View Full Version : Can Writing Bring People Together?

06-04-2010, 11:57 PM
I've been trying to determine how a) music, b) writing and c) art brings people together. When I say 'brings people together' I mean that on a personal, two person basis, as in an intimate relationship.

The one I'm most concerned about is writing. Obviously you can make an outpouring of your innermost feelings through words. It's one of the direct links to your soul and feelings (along with music and art). But what about compositions other than letters to each others. Such as stories, novels, scripts, etc. that you write, and that aren't directly related to the one you love. With music, even if it's not directed towards someone, it can still be touching and it can still affect someone emotionally and bring them closer to you. But how do creations of writing bring you closer to that special someone? Can it? Can someone who writes some far-off graphic novel about superhumans powered off electricity somehow connect with the one they love even if they have no interest in that story?

What does everyone think?

06-05-2010, 12:03 AM
I think so...it would be like anything else. You can appreciate the art and find it attractive in someone that he or she can do something well even if it is not your cup of tea. You can even admire the passion one has or the determination, etc. without liking the genre he or she writes in.

It is ultimately about the person and having someone who understands what you are trying to do with the "process" of it all would be rewarding...at least I think so.


Lady Ice
06-05-2010, 05:51 PM
If you write something that has a 'bit of yourself' in it, then of course it can. Loads of readers talk about being able or not being able to connect to a certain writer. It's why you can get devoted fans- because they feel like you're 'talking to them'.

06-05-2010, 06:39 PM
Everything I write has a part of me in it. My thoughts and my emotions, I'm passionate about every word so I would be very surprised if anyone reading my work didn't finish it feeling that they know me a little better.

06-05-2010, 09:52 PM
Sure. Though I doubt that's a good reaosn to write.

06-05-2010, 09:56 PM
I'm not sure it would bring two people who are already in a relationship closer together; they'd already love each other surely? One would hope so anyway.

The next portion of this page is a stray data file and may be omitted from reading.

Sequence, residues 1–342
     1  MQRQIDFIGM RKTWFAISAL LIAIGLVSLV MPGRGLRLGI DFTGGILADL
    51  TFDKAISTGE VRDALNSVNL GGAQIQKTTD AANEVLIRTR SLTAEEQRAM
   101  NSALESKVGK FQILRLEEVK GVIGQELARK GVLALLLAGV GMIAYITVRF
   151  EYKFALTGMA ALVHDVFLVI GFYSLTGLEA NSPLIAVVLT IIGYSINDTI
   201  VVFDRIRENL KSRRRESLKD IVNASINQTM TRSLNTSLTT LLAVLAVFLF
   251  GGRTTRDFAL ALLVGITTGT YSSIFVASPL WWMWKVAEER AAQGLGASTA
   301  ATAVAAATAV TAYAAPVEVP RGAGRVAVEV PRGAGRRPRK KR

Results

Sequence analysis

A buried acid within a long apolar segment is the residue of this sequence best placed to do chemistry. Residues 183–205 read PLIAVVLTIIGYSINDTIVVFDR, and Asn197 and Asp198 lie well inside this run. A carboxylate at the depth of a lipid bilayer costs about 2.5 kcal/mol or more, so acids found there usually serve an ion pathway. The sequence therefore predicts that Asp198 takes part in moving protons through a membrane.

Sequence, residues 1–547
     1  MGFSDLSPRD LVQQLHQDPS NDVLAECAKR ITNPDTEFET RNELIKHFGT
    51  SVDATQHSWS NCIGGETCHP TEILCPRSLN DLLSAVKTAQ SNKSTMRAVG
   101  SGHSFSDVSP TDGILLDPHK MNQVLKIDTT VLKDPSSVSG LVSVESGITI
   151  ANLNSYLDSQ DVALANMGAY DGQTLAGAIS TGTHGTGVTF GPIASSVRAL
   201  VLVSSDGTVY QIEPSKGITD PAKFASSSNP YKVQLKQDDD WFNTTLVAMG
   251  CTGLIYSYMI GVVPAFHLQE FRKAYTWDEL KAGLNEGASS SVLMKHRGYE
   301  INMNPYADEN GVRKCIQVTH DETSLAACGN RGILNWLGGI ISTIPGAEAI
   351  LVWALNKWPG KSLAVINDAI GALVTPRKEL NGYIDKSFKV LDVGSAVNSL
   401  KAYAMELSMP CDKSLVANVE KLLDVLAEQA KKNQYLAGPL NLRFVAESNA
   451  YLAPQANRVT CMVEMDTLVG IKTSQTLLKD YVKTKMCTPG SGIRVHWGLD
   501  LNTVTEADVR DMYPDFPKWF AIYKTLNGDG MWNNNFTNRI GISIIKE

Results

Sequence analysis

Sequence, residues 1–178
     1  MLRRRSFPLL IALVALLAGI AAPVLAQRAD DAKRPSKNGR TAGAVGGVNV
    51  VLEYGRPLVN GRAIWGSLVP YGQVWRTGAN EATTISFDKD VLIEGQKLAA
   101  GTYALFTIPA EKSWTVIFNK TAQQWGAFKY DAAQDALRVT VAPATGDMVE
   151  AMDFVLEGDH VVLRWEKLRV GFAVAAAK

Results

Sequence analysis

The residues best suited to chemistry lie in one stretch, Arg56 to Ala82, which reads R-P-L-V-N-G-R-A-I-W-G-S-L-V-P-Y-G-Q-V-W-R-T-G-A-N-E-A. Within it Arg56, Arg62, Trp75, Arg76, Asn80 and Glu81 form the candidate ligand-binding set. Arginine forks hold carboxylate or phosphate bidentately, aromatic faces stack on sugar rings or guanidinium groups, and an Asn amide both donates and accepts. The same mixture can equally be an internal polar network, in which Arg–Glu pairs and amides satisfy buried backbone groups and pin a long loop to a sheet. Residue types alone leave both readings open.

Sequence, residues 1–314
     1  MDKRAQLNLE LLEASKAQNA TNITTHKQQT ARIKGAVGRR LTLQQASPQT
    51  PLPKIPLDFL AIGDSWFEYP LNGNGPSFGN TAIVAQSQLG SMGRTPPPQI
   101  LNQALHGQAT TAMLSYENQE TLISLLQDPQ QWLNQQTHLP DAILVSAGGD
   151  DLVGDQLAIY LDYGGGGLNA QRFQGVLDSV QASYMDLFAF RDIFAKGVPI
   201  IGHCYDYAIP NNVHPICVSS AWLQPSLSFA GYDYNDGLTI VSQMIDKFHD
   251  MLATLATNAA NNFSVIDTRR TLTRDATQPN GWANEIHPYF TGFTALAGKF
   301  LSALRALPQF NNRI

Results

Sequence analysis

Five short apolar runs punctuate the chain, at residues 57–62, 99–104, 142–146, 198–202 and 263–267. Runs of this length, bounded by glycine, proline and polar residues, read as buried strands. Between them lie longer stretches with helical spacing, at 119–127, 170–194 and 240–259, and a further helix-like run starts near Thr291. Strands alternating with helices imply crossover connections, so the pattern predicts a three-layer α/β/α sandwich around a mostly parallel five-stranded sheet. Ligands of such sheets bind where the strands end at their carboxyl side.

But yes, writing certainly can 'speak to people' across a distance, even across time.

I have authors who make me close the book and sigh almost reverently and think "I wish I'd written that." If I ever met one in particular I'd probably burst into tears, lick his face or do something equally stupid.

06-05-2010, 10:41 PM
I have authors who make me close the book and sigh almost reverently and think "I wish I'd written that." If I ever met one in particular I'd probably burst into tears, lick his face or do something equally stupid.

I'd pay to go see this. We could make it a reality show.

06-05-2010, 10:51 PM
"When Scarlett Met Wally: pay-per-view"...hmm...yes, I think it would be popular!

06-05-2010, 11:17 PM
A good story does impact us and becomes a part of us.

I've noticed that I'm much more likely to bond with someone who shares the same taste in books as I do.

If i'm already with someone and we both read a book that we both like, then it would help strengthen our bond.

This is a similar principle to dragging your signficant other to see a movie that you really love. You want them to love it to so you can love it together.

Now, does this mean the opposite happens? That if you don't like the book/movie that you can weaken the bond? To a degree, yes. But, the bond would be infinitely stronger than a book/movie so its not like if you hate "Pretty Woman" your wife will divorce you.

But conversely, if you do like "Pretty Woman" then that is just one more check in the box of good things about you that she likes.

So, the short answer to your question is yes.


Lost World
06-11-2010, 08:38 PM
My significant other is all over any story I write that has a love interest in it. When we first met I let her read a portion of an unfinished novel (still unfinished) with a strong romance theme running through it, and it impressed the hell out of her to the point she's been bugging me for three years to pick up where I left off and finish the novel. She'll read most of the other 75% of what I write, but even the stories with female characters fail to interest her much unless there's a romance angle. The latter is the only way we connect through my writing.

06-11-2010, 09:38 PM
Writing brought me and the pard together, and we're still bestest betas.

06-12-2010, 01:19 AM
Before I had kids, I carried a book with me everywhere I went. I'd read while waiting for my meal at a restaurant, while walking (it takes practice ;) ), and while doing household chores (I can prop a book with the best of 'em). My nose just didn't feel right unless it was in a book.

If you have a significant other who is also into reading, it makes for endless conversation. You can discuss the plot and characters, the writing style, the author's voice, other books that reminded you of this one...but you can also discuss deeper things, like the emotional substance of the work, the themes, and how the book relates to you and your worldview. It can really help you get to know someone and bring the two of you closer, partly by opening windows on topics you might not have ever thought to bring up on your own.

Reading is an intimate thing. Sharing it brings people closer.

I also had the fortune of meeting more than one person who said some variation of, "When we first met, you were carrying a book, and I knew right away I'd like you." One of these people is still my friend, roughly ten years later. At the time, he was extremely antisocial; his default was to dislike new people. But the book made all the difference.